Australia | Aug 20 2019
Netwealth Group is likely to benefit from wealth advisers seeking its specialist platform and technology, although further reductions in official cash rates loom as a risk.
-Outlook for net flows "in excess of $7bn" for FY20
-Downside risk to revenue and pricing if official cash rates head lower
-Leveraging superior technology should allow for protection of margins
By Eva Brocklehurst
The specialist platform market may be volatile and prevailing economic conditions uncertain yet Netwealth Group ((NWL)) has not been deterred, achieving record flows and strong growth in earnings while absorbing any price pressures. Pricing pressures grew last financial year when BT Panorama re-set its rates.
The company expects funds under administration (FUA) to exceed $30bn by the end of FY20, assuming no adverse impact from financial markets, and will be looking to reinvest in order to sustain its leadership position with advisers rather than pursue margin gains.
The outlook for net flows is "in excess of $7bn" which, UBS surmises, assumes existing advisers continue to add around $4bn per annum from new member accounts and new adviser wins add around $3bn.
Assuming normalised market returns this, in turn, implies average funds under management (FUM) could lift by around 35%. However, allowing for heightened revenue margin pressures and fee compression, UBS suspects a 20% lift is more likely.
UBS upgrades to Neutral from Sell, assessing net flows are sustainable and the downside risks have eased. The broker considers Netwealth is now be in a better position to absorb ongoing revenue margin pressures.
This is particularly the case if new third-party platform competitors emerge or further cuts to official rate cuts put pressure on cash account spreads. Ord Minnett assesses future benefits will stem from advisers seeking boutique licensing and adopting open product lists as well as innovative technologies.
The broker forecasts growth in earnings per share (EPS) to compound over the next five years at 23% per annum and upgrades to Buy from Accumulate. Morgans, on the other hand, is sticking with a Hold rating, preferring a higher "margin of safety" before taking a more positive view, as the stock is trading on elevated near-term valuation metrics.
Credit Suisse is confident the company can continue to grow earnings, forecasting FY20 flows of $7.25bn. The growth profile may not be quite as high as once envisaged, because of pricing pressure, but growth of 15-20% in EPS is still expected over the next three years.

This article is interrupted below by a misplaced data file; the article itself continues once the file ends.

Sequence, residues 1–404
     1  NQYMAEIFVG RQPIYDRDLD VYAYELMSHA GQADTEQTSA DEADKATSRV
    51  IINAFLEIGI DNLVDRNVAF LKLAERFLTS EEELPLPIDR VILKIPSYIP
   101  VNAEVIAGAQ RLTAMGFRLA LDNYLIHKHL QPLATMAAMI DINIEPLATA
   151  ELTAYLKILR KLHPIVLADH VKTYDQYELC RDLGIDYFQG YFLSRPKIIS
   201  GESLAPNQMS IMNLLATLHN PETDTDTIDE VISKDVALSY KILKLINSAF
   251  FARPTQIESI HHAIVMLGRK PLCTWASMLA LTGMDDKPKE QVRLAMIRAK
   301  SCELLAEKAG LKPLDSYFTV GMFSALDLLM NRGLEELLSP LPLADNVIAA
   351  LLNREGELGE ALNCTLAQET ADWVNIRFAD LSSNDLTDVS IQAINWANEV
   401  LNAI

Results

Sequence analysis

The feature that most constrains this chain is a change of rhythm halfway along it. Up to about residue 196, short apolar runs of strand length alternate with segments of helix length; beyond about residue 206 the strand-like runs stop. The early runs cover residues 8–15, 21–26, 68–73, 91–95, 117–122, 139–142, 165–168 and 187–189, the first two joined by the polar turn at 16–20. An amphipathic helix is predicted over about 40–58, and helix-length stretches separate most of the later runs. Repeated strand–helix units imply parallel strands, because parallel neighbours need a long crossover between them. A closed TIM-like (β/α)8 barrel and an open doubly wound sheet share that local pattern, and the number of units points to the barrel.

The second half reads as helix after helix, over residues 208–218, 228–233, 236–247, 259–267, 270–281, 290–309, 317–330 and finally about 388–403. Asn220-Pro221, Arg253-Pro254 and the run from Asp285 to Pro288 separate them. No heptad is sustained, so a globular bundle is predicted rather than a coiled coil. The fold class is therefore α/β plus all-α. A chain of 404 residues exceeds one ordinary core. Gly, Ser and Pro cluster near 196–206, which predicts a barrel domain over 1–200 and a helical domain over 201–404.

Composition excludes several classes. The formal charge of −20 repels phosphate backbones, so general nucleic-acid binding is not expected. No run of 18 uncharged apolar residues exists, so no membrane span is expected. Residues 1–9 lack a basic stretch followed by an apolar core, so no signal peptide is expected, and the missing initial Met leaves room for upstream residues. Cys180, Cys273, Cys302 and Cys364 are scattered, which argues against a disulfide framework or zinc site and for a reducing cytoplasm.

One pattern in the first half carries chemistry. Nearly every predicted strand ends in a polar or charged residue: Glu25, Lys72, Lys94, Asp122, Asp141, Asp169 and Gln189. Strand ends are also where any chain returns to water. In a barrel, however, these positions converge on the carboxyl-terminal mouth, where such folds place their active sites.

In the first quarter the ANZ Private account will transition onto Netwealth platforms, which the broker estimates to be worth around $800m, although it could be up to $2.5bn. Any further wins from large institutions remain an upside risk.
Citi expects net flows to pick up in FY20, driven by market share gains and an improvement in adviser activity levels but also envisages downside risks to overall industry pricing, particularly as official cash rates head lower.
Netwealth is introducing a range of software-as-a-service style pricing for services that are not readily available from other investment platforms in the market and Bell Potter believes this should enable the company to protect its margins. Morgans agrees it makes sense for Netwealth to monetise its superior technology.
Yet Macquarie speculates whether a company with 2.5% market share and strong growth needs to diversify its revenue streams and build out the platform. The broker also highlights the potential risk of further reductions to the Reserve Bank cash rate as, when these are passed on, the total cost to the client goes up.
Citi considers revenue margins are likely to be lower going forward, reflecting the skew towards clients with higher balances and the reduction in the official cash rate. Still, guidance for operating earnings (EBITDA) margins to be slightly lower than FY19 appears conservative, and the broker forecasts an expansion of 20 basis points to 52.4% in FY20.